Prayer is another important way to get the child to relax and open up as they commune with God. Even though they might not fully understand their faith yet, it is still good for parents or guardians to get them to become more dependent on God, even at a young age, as this will help them even more in the future.
Initially, the child may need some help in how to pray so the parent or guardian can first model a prayer where God’s almighty power is acknowledged; thanksgiving is declared, and then prayer requests are made. After some sessions, the child can then be asked to pray, out loud or silently. The objective here is for the child to become more relaxed as they begin to depend on and trust in God.
Similar to adults, children need exercise, enough rest, a healthy diet, and leisure time to be strong enough to deal with the challenges in life. As their protectors and guides, parents or guardians need to ensure that the child knows the importance of taking care of themself.
As they are still young, they will not be able to balance such things on their own. It helps to establish a routine for them to study, play, and rest. Parents or guardians may also need to reiterate the importance of eating well as many children prefer junk food nowadays. The proper use of gadgets is another vital lesson to prevent gadget addiction.
Seeking Christian Counseling for Children
Despite all the above-mentioned therapeutic activities, some children may still have difficulty coping with whatever is bothering them. In such instances, it is best to seek a Christian counselor to discover the underlying issues and give them the help they need.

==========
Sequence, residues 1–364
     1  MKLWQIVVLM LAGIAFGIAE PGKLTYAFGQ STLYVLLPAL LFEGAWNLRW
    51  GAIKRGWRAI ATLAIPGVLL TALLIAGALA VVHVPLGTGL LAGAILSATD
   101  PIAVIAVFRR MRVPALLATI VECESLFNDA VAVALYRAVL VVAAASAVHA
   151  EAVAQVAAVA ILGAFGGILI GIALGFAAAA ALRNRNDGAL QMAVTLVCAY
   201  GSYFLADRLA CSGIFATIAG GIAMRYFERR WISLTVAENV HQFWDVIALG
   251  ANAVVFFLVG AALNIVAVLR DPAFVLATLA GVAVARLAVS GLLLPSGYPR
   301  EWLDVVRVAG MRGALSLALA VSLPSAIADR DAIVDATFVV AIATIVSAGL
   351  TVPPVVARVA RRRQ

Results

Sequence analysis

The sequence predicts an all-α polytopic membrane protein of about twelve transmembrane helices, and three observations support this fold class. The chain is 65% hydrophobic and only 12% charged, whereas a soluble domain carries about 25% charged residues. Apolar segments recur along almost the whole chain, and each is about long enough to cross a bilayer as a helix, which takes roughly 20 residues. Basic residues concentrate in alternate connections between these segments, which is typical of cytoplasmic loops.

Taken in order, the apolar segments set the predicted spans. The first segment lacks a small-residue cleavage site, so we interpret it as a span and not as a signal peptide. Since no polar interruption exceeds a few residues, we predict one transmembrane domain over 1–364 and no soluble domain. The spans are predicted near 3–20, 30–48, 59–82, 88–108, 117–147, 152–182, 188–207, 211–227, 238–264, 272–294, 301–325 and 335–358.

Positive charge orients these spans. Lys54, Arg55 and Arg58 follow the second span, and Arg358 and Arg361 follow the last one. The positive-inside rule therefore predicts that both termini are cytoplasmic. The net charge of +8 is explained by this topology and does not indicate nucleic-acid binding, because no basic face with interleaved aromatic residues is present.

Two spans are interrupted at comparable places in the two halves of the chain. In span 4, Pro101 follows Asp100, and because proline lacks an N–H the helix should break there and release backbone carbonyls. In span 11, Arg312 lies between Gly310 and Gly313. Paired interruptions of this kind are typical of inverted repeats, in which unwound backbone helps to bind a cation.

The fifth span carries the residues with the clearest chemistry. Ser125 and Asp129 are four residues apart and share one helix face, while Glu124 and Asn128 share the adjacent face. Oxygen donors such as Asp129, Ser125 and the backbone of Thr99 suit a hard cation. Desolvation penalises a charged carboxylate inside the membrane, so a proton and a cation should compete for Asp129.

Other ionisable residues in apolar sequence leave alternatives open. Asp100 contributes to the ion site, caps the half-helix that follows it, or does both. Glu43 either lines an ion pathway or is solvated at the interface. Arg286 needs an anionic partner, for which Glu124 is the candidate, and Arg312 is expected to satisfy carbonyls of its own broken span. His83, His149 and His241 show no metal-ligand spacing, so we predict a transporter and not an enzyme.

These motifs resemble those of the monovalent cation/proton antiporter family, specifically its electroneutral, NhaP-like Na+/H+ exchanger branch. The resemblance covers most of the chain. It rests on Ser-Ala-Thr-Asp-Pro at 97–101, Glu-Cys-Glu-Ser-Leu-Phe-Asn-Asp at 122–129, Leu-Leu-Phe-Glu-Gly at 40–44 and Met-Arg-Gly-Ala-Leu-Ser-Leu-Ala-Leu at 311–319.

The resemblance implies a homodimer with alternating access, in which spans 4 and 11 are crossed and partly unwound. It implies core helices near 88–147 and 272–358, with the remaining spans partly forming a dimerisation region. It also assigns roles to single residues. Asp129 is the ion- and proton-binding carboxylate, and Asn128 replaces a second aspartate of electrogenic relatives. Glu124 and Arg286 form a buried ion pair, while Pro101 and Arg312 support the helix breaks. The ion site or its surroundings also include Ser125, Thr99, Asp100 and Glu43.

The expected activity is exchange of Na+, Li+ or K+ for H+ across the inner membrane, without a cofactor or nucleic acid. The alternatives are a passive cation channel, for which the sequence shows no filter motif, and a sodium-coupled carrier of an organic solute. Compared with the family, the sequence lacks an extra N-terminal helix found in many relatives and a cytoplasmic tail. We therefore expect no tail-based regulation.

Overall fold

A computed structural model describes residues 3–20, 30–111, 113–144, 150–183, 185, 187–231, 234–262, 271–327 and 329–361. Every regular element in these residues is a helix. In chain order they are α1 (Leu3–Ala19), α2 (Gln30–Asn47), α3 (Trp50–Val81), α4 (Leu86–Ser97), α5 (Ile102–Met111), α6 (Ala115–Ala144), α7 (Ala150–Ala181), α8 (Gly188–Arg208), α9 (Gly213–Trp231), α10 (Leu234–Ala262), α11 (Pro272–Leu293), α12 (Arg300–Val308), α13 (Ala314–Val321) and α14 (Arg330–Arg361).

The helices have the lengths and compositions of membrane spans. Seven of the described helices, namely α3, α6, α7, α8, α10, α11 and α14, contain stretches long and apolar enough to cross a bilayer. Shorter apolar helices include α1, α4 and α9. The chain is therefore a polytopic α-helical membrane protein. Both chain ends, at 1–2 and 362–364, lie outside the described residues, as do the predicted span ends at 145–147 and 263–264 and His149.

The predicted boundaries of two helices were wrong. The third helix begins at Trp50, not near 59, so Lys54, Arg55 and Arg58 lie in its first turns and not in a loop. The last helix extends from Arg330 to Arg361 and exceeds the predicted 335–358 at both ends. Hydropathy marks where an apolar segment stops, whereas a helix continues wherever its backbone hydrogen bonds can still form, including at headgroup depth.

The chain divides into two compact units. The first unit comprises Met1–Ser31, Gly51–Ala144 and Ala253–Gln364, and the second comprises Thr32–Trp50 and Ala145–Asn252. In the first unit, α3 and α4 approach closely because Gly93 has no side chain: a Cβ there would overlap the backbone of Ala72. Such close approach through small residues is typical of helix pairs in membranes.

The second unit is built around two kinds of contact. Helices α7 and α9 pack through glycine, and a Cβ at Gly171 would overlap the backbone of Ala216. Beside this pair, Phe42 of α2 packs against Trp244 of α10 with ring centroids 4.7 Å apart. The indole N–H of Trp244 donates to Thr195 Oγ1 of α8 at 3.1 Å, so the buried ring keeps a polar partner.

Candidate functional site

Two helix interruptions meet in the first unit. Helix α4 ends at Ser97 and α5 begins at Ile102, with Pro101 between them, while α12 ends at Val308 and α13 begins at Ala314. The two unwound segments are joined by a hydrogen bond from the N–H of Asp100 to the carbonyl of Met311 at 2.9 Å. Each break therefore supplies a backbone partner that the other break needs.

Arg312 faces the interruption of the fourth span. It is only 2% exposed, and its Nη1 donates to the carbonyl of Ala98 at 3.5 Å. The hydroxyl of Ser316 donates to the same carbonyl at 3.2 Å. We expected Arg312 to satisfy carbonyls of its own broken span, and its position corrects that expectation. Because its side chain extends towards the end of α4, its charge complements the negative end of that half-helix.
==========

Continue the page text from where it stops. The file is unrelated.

In Christian counseling, the latest counseling methods will be used to get the child to open up. But most importantly, the child will be connected to God through prayer and meditation on Scripture so that they may experience God’s healing power. If needed, other family members may also undergo Christian family counseling to improve the family’s relationship with one another and with God.
If you or a friend has a child that may need professional therapeutic activities for children, seek Christian counseling soon. Help your child live the life they are meant to have by connecting them to God.
“Smart”, Courtesy of Frank McKenna, Unsplash.com, CC0 License; “Child of Light,” courtesy of Matheus Bertelli, pexels.com, CC0 License; “Sidewalk Chalk”, Courtesy of Tina Floersch, Unsplash.com, CC0 License; “Dear Jesus,” courtesy of David Beale, unsplash.com, CC0 License